After Apollo 12 left the lunar orbit, this image of the moon was taken from the command module. NASA

President Donald Trump slashed funding for the Environmental Protection Agency and the Energy Department in his federal budget blueprint, but NASA was virtually untouched. Recently revealed documents uploaded by Motherboard show Trump’s transition team wanted to know how NASA’s technology could be used for the private industry — and mining on the moon.

Trump’s team asked NASA to provide data and examples of technology that could be used commercially, records obtained through a freedom of information act request show. Trump’s agency review team also inquired about the space agency’s plan to search the moon for useful raw materials and the potential for mining there.

"As ... research and technology efforts mature, appropriate technologies are transferred to industry and commercialized through multiple programs and approaches to benefit a wide range of users, ensuring the nation realizes the full economic value and societal benefit of these innovations," NASA responded.

NASA clarified it was not against for-profit space exploration, documents show, plus the space agency has been working with the private industry for years. NASA also said it’s looking to turn over many of its low-orbit functions to the private industry while the agency leads “its international and commercial partners in the human exploration of deep space."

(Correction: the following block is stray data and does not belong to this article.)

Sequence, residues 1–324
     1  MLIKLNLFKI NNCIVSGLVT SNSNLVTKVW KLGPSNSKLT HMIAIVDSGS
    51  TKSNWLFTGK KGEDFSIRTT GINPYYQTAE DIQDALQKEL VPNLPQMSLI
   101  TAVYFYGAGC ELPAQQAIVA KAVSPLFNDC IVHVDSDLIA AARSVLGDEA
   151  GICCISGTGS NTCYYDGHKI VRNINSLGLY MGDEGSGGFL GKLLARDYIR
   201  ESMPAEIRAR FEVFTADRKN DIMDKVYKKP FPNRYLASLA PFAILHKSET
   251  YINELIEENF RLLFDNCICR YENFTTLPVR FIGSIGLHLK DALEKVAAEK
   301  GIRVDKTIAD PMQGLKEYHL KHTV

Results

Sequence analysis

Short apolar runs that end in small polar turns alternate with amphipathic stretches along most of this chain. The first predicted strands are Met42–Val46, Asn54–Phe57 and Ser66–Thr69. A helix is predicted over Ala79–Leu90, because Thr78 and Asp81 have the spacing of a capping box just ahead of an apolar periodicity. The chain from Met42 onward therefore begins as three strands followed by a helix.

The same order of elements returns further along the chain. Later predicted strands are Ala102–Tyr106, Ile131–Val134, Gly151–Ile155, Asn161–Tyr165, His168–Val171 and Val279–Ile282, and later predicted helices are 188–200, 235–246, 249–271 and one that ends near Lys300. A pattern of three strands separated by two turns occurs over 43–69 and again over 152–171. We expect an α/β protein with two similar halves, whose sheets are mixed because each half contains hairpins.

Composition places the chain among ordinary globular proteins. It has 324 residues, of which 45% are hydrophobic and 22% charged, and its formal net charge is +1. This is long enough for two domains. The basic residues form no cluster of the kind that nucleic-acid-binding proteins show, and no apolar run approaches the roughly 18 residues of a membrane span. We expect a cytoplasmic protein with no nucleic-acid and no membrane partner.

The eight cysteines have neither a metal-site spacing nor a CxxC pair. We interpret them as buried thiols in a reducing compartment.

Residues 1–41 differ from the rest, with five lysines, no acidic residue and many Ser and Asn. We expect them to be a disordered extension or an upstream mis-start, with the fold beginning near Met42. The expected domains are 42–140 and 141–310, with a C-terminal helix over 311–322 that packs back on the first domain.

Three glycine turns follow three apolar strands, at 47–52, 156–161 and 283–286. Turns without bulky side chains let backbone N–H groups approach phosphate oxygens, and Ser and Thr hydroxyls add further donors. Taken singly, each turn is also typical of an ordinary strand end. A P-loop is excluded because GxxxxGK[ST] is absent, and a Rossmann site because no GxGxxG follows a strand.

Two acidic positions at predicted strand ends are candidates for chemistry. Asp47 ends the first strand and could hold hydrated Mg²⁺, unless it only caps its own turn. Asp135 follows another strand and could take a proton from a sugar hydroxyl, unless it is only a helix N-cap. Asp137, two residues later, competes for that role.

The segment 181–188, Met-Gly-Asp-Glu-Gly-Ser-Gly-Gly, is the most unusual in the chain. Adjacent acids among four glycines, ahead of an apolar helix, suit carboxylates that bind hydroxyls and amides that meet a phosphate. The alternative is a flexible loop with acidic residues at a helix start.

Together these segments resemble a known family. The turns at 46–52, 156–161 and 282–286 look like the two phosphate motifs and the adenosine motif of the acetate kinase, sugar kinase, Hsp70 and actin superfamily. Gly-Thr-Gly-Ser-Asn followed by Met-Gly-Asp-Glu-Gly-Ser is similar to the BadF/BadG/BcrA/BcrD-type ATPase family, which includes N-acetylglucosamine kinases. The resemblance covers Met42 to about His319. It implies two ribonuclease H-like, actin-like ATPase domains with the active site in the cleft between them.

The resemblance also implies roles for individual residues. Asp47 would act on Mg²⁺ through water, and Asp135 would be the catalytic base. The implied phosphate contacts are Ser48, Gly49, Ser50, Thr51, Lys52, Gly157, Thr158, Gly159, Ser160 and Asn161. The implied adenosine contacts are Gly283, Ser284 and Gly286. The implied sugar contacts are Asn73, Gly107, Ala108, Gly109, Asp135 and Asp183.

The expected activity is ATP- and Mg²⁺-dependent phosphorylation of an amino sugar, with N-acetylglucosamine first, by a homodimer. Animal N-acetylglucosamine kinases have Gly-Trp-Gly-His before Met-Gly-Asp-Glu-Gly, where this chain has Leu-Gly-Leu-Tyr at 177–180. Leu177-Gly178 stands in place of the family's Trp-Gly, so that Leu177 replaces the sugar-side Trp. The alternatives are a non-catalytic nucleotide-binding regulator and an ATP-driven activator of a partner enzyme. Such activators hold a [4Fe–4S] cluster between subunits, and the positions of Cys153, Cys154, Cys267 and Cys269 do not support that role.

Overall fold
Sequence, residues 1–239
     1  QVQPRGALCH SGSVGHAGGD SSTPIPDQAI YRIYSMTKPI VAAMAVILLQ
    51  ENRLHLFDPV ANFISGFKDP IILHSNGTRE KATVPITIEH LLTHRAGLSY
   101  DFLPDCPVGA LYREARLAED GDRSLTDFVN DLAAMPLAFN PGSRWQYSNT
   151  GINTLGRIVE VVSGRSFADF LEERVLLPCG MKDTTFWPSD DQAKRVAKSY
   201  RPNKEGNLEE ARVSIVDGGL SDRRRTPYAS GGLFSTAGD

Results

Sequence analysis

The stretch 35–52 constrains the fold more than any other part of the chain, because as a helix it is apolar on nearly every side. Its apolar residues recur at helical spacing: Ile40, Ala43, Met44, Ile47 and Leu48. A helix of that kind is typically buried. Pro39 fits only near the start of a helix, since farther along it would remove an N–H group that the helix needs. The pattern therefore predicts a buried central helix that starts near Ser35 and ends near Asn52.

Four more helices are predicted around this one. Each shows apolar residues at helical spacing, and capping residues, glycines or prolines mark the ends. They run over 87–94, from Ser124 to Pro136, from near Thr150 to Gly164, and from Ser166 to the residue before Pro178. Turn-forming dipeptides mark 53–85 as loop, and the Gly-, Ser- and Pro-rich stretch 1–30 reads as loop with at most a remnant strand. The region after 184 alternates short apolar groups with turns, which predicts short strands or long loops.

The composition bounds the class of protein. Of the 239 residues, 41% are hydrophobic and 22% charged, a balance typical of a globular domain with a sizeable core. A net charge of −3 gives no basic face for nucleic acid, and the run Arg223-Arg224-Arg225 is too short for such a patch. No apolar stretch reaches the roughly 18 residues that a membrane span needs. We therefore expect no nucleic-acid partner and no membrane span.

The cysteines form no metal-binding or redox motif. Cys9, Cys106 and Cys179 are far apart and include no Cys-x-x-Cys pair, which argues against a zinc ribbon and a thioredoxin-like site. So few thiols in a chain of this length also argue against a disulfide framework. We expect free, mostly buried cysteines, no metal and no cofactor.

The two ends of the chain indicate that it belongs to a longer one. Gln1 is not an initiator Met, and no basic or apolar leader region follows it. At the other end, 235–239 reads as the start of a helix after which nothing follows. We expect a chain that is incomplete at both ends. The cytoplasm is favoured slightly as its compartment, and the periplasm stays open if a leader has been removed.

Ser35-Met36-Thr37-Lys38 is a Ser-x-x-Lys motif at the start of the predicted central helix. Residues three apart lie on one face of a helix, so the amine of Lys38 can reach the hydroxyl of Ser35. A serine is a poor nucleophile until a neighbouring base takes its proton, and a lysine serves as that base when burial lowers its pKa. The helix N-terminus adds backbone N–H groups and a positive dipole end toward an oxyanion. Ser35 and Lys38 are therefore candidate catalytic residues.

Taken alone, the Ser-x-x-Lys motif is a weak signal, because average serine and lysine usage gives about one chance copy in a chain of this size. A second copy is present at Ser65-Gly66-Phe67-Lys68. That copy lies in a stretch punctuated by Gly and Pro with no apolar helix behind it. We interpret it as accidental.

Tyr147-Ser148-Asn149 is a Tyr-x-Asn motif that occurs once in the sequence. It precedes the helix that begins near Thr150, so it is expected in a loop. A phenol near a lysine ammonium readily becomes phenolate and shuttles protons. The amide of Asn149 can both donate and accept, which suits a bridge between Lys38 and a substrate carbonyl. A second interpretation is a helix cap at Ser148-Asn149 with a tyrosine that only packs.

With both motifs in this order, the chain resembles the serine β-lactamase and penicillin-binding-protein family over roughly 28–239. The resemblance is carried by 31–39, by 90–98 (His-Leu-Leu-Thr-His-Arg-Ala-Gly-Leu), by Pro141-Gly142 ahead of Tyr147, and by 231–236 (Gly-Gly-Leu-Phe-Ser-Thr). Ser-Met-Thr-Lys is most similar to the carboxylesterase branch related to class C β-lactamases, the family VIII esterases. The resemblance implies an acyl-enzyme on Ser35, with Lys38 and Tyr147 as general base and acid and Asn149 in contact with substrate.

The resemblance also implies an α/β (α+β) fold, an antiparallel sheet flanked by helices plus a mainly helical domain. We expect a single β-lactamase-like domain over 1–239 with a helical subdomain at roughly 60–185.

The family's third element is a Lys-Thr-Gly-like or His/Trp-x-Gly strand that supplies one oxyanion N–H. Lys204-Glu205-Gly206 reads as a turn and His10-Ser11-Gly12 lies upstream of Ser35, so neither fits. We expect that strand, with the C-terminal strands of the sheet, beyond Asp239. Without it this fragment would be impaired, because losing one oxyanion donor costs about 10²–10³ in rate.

When it comes to mining on the moon, NASA said the moon’s southern polar region could harbor "polar volatiles," including water, hydrogen and methane that could be easy to mine. NASA also told Trump's team the polar volatiles are a "critical long-term resource" that could be used for future human missions.

However, commercial mining on the moon could conflict with the Outer Space Treaty, which was signed by the United States and dozens of other countries.

The treaty states:

“The exploration and use of outer space, including the Moon and other celestial bodies, shall be carried out for the benefit and in the interests of all countries, irrespective of their degree of economic or scientific development, and shall be the province of all mankind.”

Throughout the communications between NASA and Trump’s transition team, the agency emphasized research was primarily for scientific purposes.